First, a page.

Dallas Seavey pulled into the White Mountain checkpoint last night just after midnight Alaska time (or more properly Iditarod Race Time since the race seems not to have recognized the switch to daylight savings time). He had a seemingly comfortable lead over Aliy Zirkle who arrived an hour and 11 minutes later. Not far behind, however, was Ramey Smyth who showed up 52 minutes after Zirkle. All three must remain in White Mountain for a mandatory 8 hour rest before they can depart for Safety about 50 miles away and eventually the burled gateway that marks the finish line in Nome another 20 miles further on.
Aliy lost some time to Seavey on the last couple of legs coming into White Mountain and Smyth has been steadily gaining on both of the leaders so this could get real interesting later today.

Further back the winds kicked up across the ice out of Shaktoolik where a couple dozen mushers and their teams have been stuck. With temperatures near minus 10 degrees and sustained winds out of the north at around 30 miles per hour, no one is venturing forth onto the ice of Norton Sound to head into the wind and advance to Koyuk.

Currently there are two mushers running more or less together at the tail of the race (the Red Lantern position). Bob Chlupach and rookie Jan Steves are in Galena on the Yukon River and nearly 400 miles from Nome. The weather is a bit nicer there (only 2 below and 9 mph winds with a light snow falling) but they haven’t moved for quite a while. They had better shake a leg or they will be faced with a decision to be made or made for them.

Ahead of the two at the next checkpoint (Nulato) is Dallas’ Grandfather, 74 year old Dan Seavey. It would be somewhat historical if Chlupach and Steves drop out, Dallas wins and Dan gets to blow out the Red Lantern.

Following the race and chatting with other enthusiasts online in the forums sure beats following the news.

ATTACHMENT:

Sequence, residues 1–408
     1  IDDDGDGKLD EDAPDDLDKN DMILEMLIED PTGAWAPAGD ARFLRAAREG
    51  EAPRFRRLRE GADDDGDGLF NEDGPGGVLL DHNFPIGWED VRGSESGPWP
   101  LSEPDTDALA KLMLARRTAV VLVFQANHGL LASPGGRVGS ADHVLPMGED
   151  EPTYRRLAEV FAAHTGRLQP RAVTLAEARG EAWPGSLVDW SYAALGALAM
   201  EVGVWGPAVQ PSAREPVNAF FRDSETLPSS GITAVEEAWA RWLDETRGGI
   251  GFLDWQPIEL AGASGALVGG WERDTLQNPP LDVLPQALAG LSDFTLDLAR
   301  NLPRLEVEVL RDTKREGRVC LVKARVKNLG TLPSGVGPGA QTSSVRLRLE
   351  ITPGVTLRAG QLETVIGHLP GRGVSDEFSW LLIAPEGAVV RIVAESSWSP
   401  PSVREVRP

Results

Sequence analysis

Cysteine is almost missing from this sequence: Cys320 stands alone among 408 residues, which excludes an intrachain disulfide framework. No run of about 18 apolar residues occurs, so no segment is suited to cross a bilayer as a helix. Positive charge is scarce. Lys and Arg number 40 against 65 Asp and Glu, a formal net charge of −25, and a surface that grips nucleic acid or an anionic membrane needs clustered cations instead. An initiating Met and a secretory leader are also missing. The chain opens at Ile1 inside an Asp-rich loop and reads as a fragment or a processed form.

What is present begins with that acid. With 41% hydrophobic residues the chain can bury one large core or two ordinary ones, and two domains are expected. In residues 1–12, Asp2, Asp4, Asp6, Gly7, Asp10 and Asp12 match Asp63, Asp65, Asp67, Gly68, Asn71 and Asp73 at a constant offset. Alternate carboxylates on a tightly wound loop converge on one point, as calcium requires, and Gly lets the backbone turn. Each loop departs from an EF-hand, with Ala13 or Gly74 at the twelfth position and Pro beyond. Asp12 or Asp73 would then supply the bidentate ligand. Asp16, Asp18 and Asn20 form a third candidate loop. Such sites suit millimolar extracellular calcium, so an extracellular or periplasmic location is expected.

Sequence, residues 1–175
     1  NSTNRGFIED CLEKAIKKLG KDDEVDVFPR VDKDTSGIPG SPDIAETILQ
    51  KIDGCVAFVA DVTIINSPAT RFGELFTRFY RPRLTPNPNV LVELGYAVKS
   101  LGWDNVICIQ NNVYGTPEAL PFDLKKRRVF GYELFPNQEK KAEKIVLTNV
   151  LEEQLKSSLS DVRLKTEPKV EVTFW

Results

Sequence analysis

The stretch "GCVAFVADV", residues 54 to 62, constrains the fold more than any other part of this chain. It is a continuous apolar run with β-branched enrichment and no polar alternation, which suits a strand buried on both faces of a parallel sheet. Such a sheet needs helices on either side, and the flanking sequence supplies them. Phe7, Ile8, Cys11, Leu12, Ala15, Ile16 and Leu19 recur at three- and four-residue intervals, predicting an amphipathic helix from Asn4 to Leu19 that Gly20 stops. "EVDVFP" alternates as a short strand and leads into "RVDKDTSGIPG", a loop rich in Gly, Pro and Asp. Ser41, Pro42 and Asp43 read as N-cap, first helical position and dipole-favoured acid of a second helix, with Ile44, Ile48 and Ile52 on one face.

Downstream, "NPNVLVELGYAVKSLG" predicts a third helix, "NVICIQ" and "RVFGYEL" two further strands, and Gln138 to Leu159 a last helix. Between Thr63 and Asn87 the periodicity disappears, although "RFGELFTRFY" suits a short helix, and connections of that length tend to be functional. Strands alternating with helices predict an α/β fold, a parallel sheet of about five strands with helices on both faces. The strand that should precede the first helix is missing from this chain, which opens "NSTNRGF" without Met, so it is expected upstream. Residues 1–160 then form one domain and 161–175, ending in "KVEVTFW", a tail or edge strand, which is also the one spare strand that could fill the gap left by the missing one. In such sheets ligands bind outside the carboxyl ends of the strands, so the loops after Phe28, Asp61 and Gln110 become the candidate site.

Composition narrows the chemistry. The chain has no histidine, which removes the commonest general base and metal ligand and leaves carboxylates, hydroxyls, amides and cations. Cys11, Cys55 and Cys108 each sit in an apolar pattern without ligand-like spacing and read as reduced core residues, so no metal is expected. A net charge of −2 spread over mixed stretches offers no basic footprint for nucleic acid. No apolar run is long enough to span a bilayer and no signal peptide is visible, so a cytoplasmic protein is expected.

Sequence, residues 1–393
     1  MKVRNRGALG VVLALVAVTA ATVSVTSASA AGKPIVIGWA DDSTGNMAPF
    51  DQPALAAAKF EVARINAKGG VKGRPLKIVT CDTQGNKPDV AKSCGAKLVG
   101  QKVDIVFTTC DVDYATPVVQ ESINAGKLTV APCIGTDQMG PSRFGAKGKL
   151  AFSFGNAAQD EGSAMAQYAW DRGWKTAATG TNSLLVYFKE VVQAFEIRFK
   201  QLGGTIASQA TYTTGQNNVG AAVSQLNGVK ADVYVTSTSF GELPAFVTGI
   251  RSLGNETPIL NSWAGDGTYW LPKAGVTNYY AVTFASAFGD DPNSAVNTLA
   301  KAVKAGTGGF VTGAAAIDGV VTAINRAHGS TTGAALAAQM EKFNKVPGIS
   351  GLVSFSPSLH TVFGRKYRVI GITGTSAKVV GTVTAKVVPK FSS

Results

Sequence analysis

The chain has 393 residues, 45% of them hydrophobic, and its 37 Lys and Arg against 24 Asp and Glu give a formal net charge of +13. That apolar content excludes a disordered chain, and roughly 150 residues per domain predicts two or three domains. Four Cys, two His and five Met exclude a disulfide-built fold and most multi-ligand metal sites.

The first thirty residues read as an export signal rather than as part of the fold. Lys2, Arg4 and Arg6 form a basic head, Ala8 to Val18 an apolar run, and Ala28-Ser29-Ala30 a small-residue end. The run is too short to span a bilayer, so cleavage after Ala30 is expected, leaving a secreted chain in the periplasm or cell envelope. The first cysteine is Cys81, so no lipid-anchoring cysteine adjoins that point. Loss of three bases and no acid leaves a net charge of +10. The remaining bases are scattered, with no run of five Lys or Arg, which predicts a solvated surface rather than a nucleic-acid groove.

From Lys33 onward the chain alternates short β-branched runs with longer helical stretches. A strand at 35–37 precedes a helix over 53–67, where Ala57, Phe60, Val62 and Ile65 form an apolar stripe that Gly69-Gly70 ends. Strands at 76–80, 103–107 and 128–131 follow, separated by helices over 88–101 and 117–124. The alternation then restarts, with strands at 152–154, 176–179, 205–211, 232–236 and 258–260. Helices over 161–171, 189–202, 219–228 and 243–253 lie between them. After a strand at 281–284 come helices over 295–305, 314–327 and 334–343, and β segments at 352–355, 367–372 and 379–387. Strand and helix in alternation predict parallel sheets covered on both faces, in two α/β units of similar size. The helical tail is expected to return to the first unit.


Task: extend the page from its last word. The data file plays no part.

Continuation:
Sunday, March 11, 2012

Forth and Back

Whew! Long day today. Both in time and distance. I drove up to the Bolt Hole early this morning, checked the house, barn and garage and then drove home. Round distance was 425 miles. All was well and the ground had just a very small layer of snow and ice (maybe 2 new inches of snow on top of old, crusty, frozen junk).

I checked my records and discovered I hadn't been up there since October 5th when Terry and I went up to pick up the Tundra that had been left behind when I injured my knee back in August. THe house looks like it too. I'll need to spend a couple of days just vaccuuming, dusting and washing the next time I go up. I figure, weather permitting, that will be in a couple of weeks.

Then I had to go back to the Iditarod forums and catch up on not just last night's comments but today's as well! There were close to 100 new PAGES of comments to read.

As far as I can tell, the race is on!

1 34 Seavey, Dallas
2 44 Burmeister, Aaron
3 14 Zirkle, Aliy
Only 4 miles or so between Dallas and Aliy as they head up the coast from Unalakleet toward Shaktoolik.

Behind them areL
4 11 Baker, John
5 35 Seavey, Mitch
6 28 Kaiser, Peter
7 2 Redington Jr, Ray
8 17 Jonrowe, DeeDee
9 21 Smyth, Ramey
10 59 Lindner, Sonny
11 24 Ekran, Sigrid
12 39 Anderson, Ken

In other news, Jeff King faced some recalcetrant dogs about 10 miles short of Unalakleet and after many hours of enduring a sit down strike, he was forced to scratch.